Enron and the Corporate Lawyer
Roger C. Cramton, 58(1): 143–188 (Nov. 2002)
The Enron collapse and other corporate failures, some accompanied by massive fraud, have raised questions concerning a lawyer's responsibilities when the lawyer learns, or has reason to know, that agents of the corporation are engaged in conduct that is unlawful or that is in violation of their fiduciary duty to the corporation. The legal and ethical rules governing a lawyer's responsibility in these troublesome situations are controverted, often ambiguous or discretionary, and sometimes lawyer-protective. This Article summarizes the law governing such matters as the scienter requirement, the duty to make further inquiry when circumstances suggest the possibility of misconduct by corporate agents, and the new requirement included in the Sarbanes-Oxley Act of 2002 that the lawyer "climb the corporate ladder" to the board of directors, if necessary, to prevent or rectify the wrongful conduct. The vexing question of disclosure of confidential information outside the corporation is also considered. The Article closes with recommendations for legislative, regulatory or rule changes that would provide greater guidance to lawyers and more protection to public interests.
Empty Voting and Hidden (Morphable) Ownership: Taxonomy, Implications, and Reforms
Henry T. C. Hu and Bernard Black, 61(3):1011–1070 (May 2006)
Most American publicly held corporations have a one-share, one-vote structure, in which voting power is proportional to economic ownership. This structure gives shareholders economic incentives to exercise their voting power well and helps to legitimate managers' exercise of authority over property the managers do not own. Berle-Means' "separation of ownership and control" suggests that shareholders face large collective action problems in overseeing managers. Even so, mechanisms rooted in the shareholder vote, including proxy fights and takeover bids, constrain managers from straying too far from the goal of shareholder wealth maximization.
In the past few years, the derivatives revolution, hedge fund growth, and other capital market developments have come to threaten this familiar pattern throughout the world. Both outside investors and corporate insiders can now readily decouple economic ownership of shares from voting rights to those shares. This decoupling—which we call "the new vote buying"—is often hidden from public view and is largely untouched by current law and regulation. Hedge funds, sophisticated and largely unfettered by legal rules or conflicts of interest, have been especially aggressive in decoupling. Sometimes they hold more votes than economic ownership, a pattern we call "empty voting." That is, they may have substantial voting power while having limited, zero, or even negative economic ownership. In the extreme situation of negative economic ownership, the empty voter has an incentive to vote in ways that reduce the company's share price. Sometimes hedge funds hold more economic ownership than votes, though often with "morphable" voting rights—the de facto ability to acquire the votes if needed. We call this "hidden (morphable) ownership" because under current disclosure rules, the economic ownership and (de facto) voting ownership are often not disclosed. Corporate insiders, too, can use new vote buying techniques.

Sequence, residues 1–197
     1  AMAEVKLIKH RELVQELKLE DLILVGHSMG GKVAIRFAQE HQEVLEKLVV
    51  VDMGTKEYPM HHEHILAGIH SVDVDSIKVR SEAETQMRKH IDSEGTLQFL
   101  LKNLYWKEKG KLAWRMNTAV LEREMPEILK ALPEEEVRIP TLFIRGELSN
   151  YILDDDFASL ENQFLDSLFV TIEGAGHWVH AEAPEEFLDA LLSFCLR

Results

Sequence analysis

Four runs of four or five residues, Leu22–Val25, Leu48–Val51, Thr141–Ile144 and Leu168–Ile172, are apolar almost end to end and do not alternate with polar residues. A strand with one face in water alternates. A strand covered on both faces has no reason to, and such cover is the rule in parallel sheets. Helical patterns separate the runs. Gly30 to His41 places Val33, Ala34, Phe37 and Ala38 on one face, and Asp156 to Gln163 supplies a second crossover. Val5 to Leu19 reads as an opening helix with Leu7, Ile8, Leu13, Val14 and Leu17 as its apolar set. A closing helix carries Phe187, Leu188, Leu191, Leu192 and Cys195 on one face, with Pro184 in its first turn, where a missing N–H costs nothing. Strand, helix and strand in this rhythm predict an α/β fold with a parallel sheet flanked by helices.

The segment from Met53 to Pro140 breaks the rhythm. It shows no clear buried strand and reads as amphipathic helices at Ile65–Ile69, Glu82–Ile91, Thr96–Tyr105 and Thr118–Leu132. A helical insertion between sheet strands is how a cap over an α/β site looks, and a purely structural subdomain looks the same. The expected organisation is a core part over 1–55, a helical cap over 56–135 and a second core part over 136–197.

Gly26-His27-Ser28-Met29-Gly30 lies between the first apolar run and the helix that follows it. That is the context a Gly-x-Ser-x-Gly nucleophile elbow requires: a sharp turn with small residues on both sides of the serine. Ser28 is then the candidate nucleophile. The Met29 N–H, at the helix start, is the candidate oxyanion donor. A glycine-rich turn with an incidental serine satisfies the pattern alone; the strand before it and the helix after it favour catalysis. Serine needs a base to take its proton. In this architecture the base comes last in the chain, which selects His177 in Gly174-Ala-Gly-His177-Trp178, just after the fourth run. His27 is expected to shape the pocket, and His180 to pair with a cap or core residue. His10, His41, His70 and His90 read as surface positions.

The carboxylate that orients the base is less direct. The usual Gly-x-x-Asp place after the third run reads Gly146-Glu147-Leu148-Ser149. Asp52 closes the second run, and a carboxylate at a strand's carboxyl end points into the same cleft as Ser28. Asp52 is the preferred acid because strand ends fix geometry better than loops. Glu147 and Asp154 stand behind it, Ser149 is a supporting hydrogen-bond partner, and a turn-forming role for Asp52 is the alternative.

This article analyzes the new vote buying and its corporate governance implications. We propose a taxonomy of the new vote buying that unpacks its functional elements. We discuss the implications of decoupling for control contests and other forms of shareholder oversight, and the circumstances in which decoupling could be beneficial or harmful to corporate governance. We also propose a near-term disclosure-based response and sketch longer-term regulatory possibilities. Our disclosure proposal would simplify and partially integrate five existing, inconsistent share-ownership disclosure regimes, and is worth considering independent of its value with respect to decoupling. In the longer term, other responses may be needed; we briefly discuss possible strategies focused on voting rights, voting architecture, and supply and demand forces in the markets on which the new vote buying relies.
The Tensions, Stresses, and Professional Responsibilities of the Lawyer for the Corporation
E. Norman Veasey and Christine T. Di Guglielmo, 62(1): 1–36 (Nov. 2006)